Timo the rabbit is eager to make his garden “great.”
Timo loves his garden, with its many flowers (an illustrated index names all those mentioned in the text) and “herbs for cooking, a lawn for visiting, and a bench for sitting and daydreaming.” Suddenly, though, it doesn’t seem special enough when he decides to participate in the upcoming garden tour. From one short chapter to the next, instead of spending time with friends, he frets and gardens, gardens and frets. Ultimately, Timo not only misses out on fun with friends, he’s also thwarted by poor weather when a rainstorm leaves the garden “a mess.” His friends rally to him help clean things up, but in what seems like an unnecessary twist, the garden tour is cancelled due to yet more (offstage) rain, and so Timo and his friends instead have a picnic and make plans for more gardening. A closing image of garden-tour judges at Timo’s gate suggests that all’s well in the end. Throughout, Griffiths’ richly colored illustrations depict anthropomorphic animals in a pastoral setting and include Timo’s lists of tasks on pages made to look like notebook paper. While the text isn’t controlled enough for brand new readers to decode, the brief chapters make the story accessible on a structural level.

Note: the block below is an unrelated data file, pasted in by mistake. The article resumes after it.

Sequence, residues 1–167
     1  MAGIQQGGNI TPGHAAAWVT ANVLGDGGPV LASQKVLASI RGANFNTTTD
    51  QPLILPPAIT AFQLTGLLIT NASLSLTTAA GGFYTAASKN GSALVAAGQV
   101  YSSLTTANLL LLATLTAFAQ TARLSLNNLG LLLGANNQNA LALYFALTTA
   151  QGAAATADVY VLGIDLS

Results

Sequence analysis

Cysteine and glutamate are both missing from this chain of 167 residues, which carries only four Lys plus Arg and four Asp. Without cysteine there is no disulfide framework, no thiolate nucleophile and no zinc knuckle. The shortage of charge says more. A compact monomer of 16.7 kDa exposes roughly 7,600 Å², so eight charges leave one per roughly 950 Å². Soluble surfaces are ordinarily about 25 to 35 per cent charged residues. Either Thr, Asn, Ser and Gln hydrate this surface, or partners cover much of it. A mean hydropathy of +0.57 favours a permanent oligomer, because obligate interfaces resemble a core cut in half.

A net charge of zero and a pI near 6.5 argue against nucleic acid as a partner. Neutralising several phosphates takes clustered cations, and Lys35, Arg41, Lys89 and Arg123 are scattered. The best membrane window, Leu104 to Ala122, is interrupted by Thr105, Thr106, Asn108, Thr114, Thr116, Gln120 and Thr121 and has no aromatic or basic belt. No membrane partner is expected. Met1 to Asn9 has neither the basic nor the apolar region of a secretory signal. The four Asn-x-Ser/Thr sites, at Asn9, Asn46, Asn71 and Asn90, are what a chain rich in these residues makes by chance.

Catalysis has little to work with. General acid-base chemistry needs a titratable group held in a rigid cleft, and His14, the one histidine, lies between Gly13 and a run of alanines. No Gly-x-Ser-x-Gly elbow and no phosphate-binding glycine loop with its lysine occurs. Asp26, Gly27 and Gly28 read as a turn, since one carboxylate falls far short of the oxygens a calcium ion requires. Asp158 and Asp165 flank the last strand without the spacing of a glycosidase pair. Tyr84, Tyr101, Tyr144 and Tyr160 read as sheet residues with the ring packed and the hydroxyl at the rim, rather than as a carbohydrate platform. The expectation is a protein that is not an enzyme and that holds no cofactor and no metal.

A fine title for growing readers. (Early reader. 7-9)